50% of operating model changes1 today are focussed on adoption of Agile and DevOps delivery models. While prototypes and proof of concepts have demonstrated value, scaling Agile hasn’t always been successful – here’s why. 

Many organisations start their Agile journey by running a few projects using Agile2 methodologies and DevOps practices and unlock varying degrees of benefit. This shift from traditional to Agile typically begins in digital as a grassroots effort and, often results in uncoordinated or inconsistent ways of delivering Agile projects across the organisation.

The question that is usually posed to CIOs, and business and technology leaders is “how and when do we scale these new ways of working, in a consistent yet flexible manner, across the technology and business functions?” While these are pertinent questions, they are often not the right starting points for scaling Agile3 across the organisation. Successfully scaling Agile ways of working at the organisation or portfolio levels involves a structural shift across people, processes, technology and culture. These transformations are too often led from within technology. This is a key issue in our eyes, the change needs to be co-owned by the business and technology in order to fully realise the benefits of Agile.

Given these apparent failures across organisations to scale agility, we recommend that, instead of starting with the “how and when”, start by aligning with the business on “why do we want to adopt these new ways of working and where should we scale?”

Why start on a transformational journey?

Change is difficult without a clear idea of “why the change is needed?” The premise for the change needs to be agreed to by both the business and technology and then communicated to all parts of the organisation impacted. In our experience, to drive the right outcomes, leaders need to consider not just external macro drivers in the industry but also their expected influence on the business vision to decide if the transformation is necessary.

Organisations need to look at the following external market dynamics to understand if the Business needs to re-think its strategies and adopt Agile ways of working:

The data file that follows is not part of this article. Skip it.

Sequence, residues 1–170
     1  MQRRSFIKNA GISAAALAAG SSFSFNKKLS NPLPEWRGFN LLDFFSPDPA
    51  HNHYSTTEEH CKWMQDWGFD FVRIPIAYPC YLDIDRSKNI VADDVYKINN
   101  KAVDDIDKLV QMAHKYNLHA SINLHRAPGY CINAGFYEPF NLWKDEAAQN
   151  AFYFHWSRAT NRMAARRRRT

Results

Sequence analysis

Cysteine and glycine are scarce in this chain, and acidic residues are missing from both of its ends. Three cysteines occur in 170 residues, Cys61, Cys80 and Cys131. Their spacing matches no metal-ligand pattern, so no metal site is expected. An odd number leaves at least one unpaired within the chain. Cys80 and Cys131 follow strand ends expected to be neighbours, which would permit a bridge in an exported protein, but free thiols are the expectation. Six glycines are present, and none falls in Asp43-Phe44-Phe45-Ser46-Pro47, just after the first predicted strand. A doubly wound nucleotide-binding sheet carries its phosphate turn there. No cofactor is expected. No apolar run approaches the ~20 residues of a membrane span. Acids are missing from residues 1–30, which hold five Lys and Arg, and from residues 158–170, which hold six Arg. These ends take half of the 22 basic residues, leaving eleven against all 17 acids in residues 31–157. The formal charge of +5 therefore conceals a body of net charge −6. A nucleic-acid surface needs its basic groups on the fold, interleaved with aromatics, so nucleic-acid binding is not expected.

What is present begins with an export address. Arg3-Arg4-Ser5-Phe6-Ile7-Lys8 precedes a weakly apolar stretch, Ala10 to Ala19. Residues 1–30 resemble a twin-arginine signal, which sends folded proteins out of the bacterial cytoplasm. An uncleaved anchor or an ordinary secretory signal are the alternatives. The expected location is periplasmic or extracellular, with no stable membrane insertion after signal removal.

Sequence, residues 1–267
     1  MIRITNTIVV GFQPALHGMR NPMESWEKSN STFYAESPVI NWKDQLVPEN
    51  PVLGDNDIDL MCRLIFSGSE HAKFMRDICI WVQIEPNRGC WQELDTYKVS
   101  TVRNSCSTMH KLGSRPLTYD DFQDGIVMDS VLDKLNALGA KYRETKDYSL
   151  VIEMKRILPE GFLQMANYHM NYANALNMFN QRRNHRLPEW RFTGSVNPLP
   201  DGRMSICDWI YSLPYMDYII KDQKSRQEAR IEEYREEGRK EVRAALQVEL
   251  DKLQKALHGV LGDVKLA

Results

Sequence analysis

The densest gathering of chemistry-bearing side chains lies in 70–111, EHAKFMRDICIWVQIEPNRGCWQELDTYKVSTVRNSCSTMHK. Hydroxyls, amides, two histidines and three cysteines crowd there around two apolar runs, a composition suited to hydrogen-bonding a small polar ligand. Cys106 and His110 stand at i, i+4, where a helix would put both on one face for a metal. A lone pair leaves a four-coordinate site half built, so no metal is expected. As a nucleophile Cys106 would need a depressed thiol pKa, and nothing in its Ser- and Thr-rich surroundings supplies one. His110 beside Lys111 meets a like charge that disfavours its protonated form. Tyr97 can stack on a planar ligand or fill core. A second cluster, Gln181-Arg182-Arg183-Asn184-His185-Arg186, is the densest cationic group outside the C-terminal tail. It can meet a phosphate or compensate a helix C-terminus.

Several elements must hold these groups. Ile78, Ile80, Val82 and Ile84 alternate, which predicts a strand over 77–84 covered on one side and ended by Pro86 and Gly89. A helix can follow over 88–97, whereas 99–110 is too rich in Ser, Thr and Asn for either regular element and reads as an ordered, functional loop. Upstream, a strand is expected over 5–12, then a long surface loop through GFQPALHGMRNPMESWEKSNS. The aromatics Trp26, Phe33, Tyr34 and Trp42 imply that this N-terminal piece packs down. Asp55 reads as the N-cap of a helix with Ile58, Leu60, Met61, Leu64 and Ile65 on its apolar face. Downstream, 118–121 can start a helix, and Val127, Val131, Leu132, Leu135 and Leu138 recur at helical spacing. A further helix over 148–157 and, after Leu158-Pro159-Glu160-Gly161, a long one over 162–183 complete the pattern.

1. Pace of innovation – is the innovation cycle accelerating due to new entrants or products and are competitors using the acceleration as a competitive advantage?
  2. Product or service personalisation – do customers expect product and service personalisation and are customer preferences frequently changing?
  3. Technology disruption – are technology disruptions leading to better products or services, faster business decisions and reduction in costs (e.g. digital business models, automation through robotics, better services using AI and XaaS through cloud solutions)?

External market dynamics

Alongside these market dynamics, it is important to consider the business benefits associated with delivering using Agile and DevOps. These include: increased speed to market, reduced costs through productivity gains, greater customer advocacy, improved employee engagement, faster reaction time and, an innovation led collaborative culture4. Utilising historical Agile project results or learnings from pilots, estimate the benefits and gain alignment with Business / Leadership on the expected outcomes. Ensuring alignment and buy-in is critical to sustain the Agile and DevOps transformation benefits. In our next blog we explore how you can secure organisation wide cultural alignment alongside leadership alignment.

Where is the change most effective – should this be an “all or nothing” approach?